Gershwin kicks off pops series Music: Marvin Hamlisch will conduct the BSO in a program devoted to America's best-known composer.

September 29, 1998|By Stephen Wigler | Stephen Wigler,SUN MUSIC CRITIC

The first Baltimore Symphony pops concert of the season is also a classical-music concert. Classical, that is, if you understand the term to refer to great music that lasts and that belongs as much to the European as to African-American traditions.

We are talking about the music of George Gershwin, who, 100 years after his birth, remains this country's best-known composer and the one whom -- to audiences and musicians elsewhere on Earth -- epitomizes American music.

BSO principal pops conductor Marvin Hamlisch will conduct an all-Gershwin program Oct 1-4 in honor of the composer's centennial. The works include such Gershwin favorites as the Piano Concerto in F, "An American in Paris," selections from "Porgy and Bess" and an excerpt from the "Rhapsody in Blue."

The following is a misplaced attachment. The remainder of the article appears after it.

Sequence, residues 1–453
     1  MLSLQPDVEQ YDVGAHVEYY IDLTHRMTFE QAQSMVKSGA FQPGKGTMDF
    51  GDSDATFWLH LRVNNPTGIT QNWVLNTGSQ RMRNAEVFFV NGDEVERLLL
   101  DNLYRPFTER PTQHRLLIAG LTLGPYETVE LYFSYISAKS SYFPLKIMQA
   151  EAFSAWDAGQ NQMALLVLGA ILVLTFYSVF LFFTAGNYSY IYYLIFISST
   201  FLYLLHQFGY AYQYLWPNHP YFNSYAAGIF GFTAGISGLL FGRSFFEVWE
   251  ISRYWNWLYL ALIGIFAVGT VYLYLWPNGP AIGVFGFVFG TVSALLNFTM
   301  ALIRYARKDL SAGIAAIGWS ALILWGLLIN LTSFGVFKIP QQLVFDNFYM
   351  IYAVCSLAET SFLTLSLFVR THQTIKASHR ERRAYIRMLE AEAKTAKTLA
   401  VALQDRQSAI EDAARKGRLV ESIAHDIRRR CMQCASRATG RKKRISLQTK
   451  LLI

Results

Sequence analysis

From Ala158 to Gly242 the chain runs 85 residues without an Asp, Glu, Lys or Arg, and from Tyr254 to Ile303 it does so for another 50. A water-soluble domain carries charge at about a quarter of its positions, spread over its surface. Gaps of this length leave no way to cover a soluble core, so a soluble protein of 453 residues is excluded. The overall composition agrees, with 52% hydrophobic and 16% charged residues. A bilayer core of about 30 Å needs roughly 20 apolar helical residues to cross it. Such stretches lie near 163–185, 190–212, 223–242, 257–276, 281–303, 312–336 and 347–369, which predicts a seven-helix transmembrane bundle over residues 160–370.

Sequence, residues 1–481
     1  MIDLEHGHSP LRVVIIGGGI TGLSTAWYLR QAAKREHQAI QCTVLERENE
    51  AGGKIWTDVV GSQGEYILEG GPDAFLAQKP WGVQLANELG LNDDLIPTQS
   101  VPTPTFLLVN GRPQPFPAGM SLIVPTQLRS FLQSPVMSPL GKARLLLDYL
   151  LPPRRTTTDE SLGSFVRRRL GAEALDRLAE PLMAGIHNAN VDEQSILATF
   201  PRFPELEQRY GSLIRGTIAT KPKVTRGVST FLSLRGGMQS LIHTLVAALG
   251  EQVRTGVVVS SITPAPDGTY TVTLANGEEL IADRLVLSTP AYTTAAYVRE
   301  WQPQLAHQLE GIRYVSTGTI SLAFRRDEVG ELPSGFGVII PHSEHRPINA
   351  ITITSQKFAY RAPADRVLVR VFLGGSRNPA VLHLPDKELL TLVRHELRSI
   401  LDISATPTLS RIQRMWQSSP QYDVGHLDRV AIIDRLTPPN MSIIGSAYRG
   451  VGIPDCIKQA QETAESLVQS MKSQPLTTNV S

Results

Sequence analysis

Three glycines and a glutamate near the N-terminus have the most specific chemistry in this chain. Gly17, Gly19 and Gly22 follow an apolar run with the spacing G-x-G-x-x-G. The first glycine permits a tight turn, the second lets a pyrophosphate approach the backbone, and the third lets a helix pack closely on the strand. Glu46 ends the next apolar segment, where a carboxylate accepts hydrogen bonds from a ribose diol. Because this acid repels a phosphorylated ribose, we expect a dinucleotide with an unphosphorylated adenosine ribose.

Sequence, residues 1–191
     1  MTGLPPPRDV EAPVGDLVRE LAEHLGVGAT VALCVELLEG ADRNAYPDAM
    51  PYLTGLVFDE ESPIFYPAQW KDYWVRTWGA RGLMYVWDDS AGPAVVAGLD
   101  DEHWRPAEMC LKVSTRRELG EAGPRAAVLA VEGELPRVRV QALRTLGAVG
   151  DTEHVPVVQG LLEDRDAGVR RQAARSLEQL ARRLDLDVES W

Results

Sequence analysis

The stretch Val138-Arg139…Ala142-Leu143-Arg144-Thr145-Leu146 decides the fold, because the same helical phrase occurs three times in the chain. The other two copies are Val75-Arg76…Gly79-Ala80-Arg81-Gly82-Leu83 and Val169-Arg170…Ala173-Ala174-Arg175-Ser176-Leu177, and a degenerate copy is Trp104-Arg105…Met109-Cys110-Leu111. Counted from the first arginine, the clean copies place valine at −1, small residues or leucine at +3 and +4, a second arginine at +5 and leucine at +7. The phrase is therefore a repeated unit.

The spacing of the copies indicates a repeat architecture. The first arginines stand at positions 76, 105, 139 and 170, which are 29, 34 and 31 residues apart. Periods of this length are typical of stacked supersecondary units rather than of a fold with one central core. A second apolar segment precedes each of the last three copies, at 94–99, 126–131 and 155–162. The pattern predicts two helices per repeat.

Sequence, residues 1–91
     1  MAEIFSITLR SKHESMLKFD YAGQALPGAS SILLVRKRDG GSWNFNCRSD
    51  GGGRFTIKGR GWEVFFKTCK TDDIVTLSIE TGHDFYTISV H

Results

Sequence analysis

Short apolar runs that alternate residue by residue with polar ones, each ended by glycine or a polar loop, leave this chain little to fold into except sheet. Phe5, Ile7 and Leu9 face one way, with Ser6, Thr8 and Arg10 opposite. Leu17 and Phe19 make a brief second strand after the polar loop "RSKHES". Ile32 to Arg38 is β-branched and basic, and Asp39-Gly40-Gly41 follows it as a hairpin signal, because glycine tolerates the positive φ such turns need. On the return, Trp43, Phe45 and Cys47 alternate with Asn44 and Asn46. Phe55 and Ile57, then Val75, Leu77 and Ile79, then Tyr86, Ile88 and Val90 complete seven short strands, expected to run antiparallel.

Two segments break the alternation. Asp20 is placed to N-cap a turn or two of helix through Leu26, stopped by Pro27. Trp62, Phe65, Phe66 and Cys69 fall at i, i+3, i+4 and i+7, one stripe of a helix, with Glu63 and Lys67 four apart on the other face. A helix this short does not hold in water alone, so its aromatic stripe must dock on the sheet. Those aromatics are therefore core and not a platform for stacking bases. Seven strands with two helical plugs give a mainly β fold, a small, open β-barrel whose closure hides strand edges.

The latter should be of particular interest because the soloist will not be a pianist, but a harmonica player. And not any harmonica player, but the legendary, 83-year-old virtuoso, Larry Adler.

Adler, who grew up in Baltimore, has been to the harmonica what Jascha Heifetz was to the violin: No one before him was as good, no one who follows him is likely to match him.

Concert dates are Oct. 1 (2 p.m.), 2 and 3 (8 p.m.) and 4 (3 p.m.). For more information and tickets, priced from $20 to $57, call the BSO box office (410-783-8000).

Russian favorites

Baltimore Symphony fans who feel they can't wait until March to watch the orchestra's music director-designate, Yuri Temirkanov, conduct might consider a trip to New York's Carnegie Hall this week. Temirkanov and Russia's greatest orchestra, the St. Petersburg Philharmonic, will occupy Carnegie Oct. 1-3 and will perform three programs without repeating a single work. The repertory ranges from such familiar favorites as Stravinsky's "Rite of Spring" and Rimsky-Korsakov's Suite from "Le Coq d'Or" to works by such rarely heard (on this side of the Atlantic) composers as Anatol Liadov and Gyorgy Sviridov. Tickets, priced from $18 to $75, are available by calling 212-747-7800.

Pub Date: 9/29/98

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